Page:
Most young people involved with Allsorts would not identify as having mental health issues, according to Meg Lewis. Instead, ‘most can identify with positive well-being and emotional well being’ (ibid.). Nevertheless, the young people seeking out Allsorts are vulnerable in a number of ways and to various degrees. As Allsorts youth worker and trained counsellor Ben Dew explains: ‘[It is] inherent in [being] LGBTU and growing up …. [It] makes you to some extent vulnerable’—either by having to negotiate more obvious hostile environments and being the victim of homophobia and bullying, or through more subtle experiences: for example, ‘when the environment is not aligned to who you are’ (BD, August, 2013). Dew explains that, generally speaking, most LGBTQ people experience over time some mental health issues at some point – or at least a sense of discomfort and dis-ease. In relation to Allsorts more specifically, he notes that there are ‘quite a high number of young people with mild learning difficulties like Asperger’s Syndrome. That’s an added layer of vulnerability … Trans young people are [also] an incredibly vulnerable group’ (ibid.). Working mostly with young men, in his experience young people even with mild mental health issues can turn to alcohol and drugs. There are also concerns regarding subtle sexual exploitation to quite obvious sexual exploitation: ‘Unfortunately, that’s the way the gay scene is … [and this is] true to most cities’ (ibid). Being situated in Brighton, UK, Allsorts youth workers and counselors are in a position to refer young people to a wide range of specific support services in relation to sexual exploitation, drugs and alcohol abuse. The uptake is nevertheless relatively low.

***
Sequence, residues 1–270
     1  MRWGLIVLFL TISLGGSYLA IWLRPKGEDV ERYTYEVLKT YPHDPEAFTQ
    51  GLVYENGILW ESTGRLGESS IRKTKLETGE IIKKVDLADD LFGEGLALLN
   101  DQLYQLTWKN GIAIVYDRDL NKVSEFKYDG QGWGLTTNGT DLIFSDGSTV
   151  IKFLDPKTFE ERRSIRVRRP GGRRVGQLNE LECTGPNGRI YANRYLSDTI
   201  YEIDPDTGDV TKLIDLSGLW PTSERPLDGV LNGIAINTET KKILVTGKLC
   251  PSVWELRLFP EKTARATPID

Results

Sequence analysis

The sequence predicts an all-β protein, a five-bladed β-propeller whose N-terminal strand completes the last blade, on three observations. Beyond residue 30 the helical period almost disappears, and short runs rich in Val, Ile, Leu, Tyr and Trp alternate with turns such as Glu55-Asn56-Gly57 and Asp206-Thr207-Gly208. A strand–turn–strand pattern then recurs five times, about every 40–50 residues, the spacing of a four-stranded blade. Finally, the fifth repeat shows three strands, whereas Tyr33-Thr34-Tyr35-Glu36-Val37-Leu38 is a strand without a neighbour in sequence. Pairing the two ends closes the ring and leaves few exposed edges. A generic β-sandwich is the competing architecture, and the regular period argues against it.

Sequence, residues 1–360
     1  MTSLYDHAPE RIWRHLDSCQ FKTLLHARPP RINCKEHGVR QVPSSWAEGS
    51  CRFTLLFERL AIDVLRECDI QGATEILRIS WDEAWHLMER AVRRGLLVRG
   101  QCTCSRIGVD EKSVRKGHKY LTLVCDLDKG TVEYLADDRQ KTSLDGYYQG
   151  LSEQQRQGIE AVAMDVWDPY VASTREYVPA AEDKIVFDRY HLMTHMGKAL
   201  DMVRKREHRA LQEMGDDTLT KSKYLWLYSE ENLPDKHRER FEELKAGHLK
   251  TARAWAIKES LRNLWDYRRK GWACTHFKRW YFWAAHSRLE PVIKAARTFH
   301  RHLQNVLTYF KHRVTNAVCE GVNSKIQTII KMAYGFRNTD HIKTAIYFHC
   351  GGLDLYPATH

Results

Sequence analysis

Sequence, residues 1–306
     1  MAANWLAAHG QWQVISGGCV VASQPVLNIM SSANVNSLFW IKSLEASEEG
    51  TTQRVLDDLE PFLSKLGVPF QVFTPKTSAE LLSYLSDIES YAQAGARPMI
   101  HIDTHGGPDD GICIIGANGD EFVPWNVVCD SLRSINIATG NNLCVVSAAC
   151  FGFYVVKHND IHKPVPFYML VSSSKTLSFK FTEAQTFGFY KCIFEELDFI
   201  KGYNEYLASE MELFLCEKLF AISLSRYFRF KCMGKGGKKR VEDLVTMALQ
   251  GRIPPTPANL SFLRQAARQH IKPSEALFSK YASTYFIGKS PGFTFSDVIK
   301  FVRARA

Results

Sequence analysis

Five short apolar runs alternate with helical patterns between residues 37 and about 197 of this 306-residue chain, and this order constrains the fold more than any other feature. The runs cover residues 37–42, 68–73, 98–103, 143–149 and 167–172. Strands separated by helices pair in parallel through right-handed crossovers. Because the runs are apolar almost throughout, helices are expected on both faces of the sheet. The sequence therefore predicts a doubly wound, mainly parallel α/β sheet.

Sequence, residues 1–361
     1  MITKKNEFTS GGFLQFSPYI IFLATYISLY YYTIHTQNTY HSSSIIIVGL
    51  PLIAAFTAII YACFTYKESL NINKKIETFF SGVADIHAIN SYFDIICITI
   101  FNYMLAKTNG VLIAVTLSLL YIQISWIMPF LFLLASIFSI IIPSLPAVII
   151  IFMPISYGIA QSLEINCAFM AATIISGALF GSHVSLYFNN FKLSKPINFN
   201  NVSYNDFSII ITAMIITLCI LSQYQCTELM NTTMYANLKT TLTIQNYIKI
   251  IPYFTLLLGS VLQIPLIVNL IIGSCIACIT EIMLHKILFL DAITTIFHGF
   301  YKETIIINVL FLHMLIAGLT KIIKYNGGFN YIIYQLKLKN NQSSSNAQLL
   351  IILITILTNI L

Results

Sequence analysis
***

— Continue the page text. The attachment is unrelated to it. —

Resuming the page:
At this stage it is productive to evaluate Allsorts’ digital social media practices more specifically in relation to their mental health and well-being services. This allows us to examine more generally the ways in which a supportive LGBTQ community may be engendered in and through its digital media communications. As will be illustrated next, the (productive) tensions within and through social media use in this context echo a number of fault lines already identified in the previous section in relation to experience and shaping of on/off-line practices, sustainability of services, depth, breadth and types of engagement, accessibility and reach as well as opportunities for peer support and mentoring.